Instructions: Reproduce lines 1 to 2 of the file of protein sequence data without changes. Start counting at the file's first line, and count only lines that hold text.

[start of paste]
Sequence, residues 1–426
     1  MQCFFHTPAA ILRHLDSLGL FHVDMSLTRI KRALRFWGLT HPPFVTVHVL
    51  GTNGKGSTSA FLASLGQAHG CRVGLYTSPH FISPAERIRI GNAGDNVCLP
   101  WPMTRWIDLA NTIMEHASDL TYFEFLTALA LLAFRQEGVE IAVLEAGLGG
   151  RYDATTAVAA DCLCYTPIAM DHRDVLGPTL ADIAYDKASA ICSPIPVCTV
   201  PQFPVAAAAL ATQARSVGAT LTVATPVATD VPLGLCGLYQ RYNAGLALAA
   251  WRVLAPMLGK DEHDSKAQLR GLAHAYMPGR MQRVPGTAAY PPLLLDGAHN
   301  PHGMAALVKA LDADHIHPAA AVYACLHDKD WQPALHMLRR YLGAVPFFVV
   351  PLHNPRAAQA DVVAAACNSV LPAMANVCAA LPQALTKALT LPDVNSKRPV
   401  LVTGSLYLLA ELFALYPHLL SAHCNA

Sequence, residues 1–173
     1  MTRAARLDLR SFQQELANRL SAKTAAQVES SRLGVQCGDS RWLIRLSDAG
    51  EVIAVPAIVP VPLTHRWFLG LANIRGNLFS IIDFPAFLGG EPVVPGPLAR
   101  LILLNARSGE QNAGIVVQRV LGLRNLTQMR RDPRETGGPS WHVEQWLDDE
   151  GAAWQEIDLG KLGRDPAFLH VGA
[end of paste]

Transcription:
Sequence, residues 1–426
     1  MQCFFHTPAA ILRHLDSLGL FHVDMSLTRI KRALRFWGLT HPPFVTVHVL